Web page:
June 28, 1998
June 28, 1998
July 1, 1998
3.425.1 - 3.425.5
New electronic courseware modules for selected upper-level electrical engineering courses. Mariusz Jankowski University of Southern Maine
A recent award from the National Science Foundation (DUE-III program) was used to establish a computer-integrated classroom to support instruction in selected undergraduate electrical engineering courses. The new classroom is being used to address three pedagogically fundamental problems:
(1) insufficient mastery of engineering mathematics by many students, (2) student passivity within the traditional lecture format, (3) insufficient use of computation and visualization in the learning process,
New electronic courseware is being developed, using state-of-the-art software for mathematical computing, to facilitate and foster an active learning environment. Through increased use of computation and scientific visualization, we expect to see improvements in students’ level of interest, increased classroom participation and finally, improved learning outcomes.
Many students in engineering and the sciences have difficulty learning fundamental concepts in their field of study because of their limited command of mathematics. A student’s lack of adequate mathematical skills is one of the primary barriers to effective learning. To compound the problem, many courses in a typical electrical engineering curriculum remain taught by means of a more or less traditional lecture. For many students, the combination of difficulties with the level of mathematics and passivity within the traditional lecture style has an overwhelmingly negative impact on their ability to learn and understand the subject matter. In recent years, scientific visualization has emerged as an important tool in helping us understand many complex physical phenomena. However, the problem of translating standard mathematical notation into the traditional high-level computer languages has made it difficult to use programming and computers in the undergraduate classroom.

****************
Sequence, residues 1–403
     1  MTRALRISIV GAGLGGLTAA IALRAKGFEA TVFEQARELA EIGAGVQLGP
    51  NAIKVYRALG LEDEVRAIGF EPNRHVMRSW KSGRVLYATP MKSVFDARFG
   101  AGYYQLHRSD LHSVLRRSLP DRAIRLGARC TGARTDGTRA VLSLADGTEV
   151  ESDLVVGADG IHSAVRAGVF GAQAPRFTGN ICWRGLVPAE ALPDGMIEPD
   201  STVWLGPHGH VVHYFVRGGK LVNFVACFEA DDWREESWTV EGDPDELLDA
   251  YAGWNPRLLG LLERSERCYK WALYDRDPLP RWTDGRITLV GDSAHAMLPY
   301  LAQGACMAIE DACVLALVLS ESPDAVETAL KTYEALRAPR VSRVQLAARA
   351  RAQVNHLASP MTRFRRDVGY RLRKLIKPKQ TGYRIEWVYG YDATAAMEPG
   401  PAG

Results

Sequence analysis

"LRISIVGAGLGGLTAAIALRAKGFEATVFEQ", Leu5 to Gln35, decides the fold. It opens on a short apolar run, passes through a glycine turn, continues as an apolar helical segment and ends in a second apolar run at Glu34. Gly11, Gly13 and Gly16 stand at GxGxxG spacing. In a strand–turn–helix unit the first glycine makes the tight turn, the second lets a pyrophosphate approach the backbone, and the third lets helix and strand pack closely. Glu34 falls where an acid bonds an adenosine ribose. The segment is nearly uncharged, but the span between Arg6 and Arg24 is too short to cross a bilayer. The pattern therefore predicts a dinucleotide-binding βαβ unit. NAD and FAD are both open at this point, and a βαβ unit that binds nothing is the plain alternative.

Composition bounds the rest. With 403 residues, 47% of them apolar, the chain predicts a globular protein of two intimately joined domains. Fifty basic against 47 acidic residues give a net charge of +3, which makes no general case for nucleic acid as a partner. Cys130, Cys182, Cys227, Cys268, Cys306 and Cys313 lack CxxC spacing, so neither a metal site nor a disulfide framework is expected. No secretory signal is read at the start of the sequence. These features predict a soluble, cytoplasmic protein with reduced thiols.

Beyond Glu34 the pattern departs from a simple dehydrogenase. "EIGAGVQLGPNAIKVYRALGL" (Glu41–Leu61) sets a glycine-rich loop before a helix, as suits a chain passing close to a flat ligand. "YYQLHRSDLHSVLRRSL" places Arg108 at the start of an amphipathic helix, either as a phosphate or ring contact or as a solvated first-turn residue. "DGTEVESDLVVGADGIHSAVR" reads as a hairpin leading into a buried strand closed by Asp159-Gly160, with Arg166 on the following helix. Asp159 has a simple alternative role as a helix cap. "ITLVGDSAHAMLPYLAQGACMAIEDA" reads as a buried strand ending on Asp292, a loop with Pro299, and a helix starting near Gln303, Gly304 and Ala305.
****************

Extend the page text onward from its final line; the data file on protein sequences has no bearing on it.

To overcome these problems, state-of-the-art software for mathematical computing is being integrated into the teaching process to facilitate and foster an active learning environment. The plan is to replace many of the typical “chalkboard” lectures with closely supervised interactive, “hands-on” sessions in a computer equipped classroom. The essential feature in this new approach is the systematic use of a powerful mathematical computing environment that simultaneously forces and empowers the student to be an active participant in the lecture. Ultimately, the goal is to enhance
Jankowski, M. (1998, June), New Electronic Courseware Modules For Selected Upper Level Electrical Engineering Courses Paper presented at 1998 Annual Conference, Seattle, Washington. https://peer.asee.org/7312
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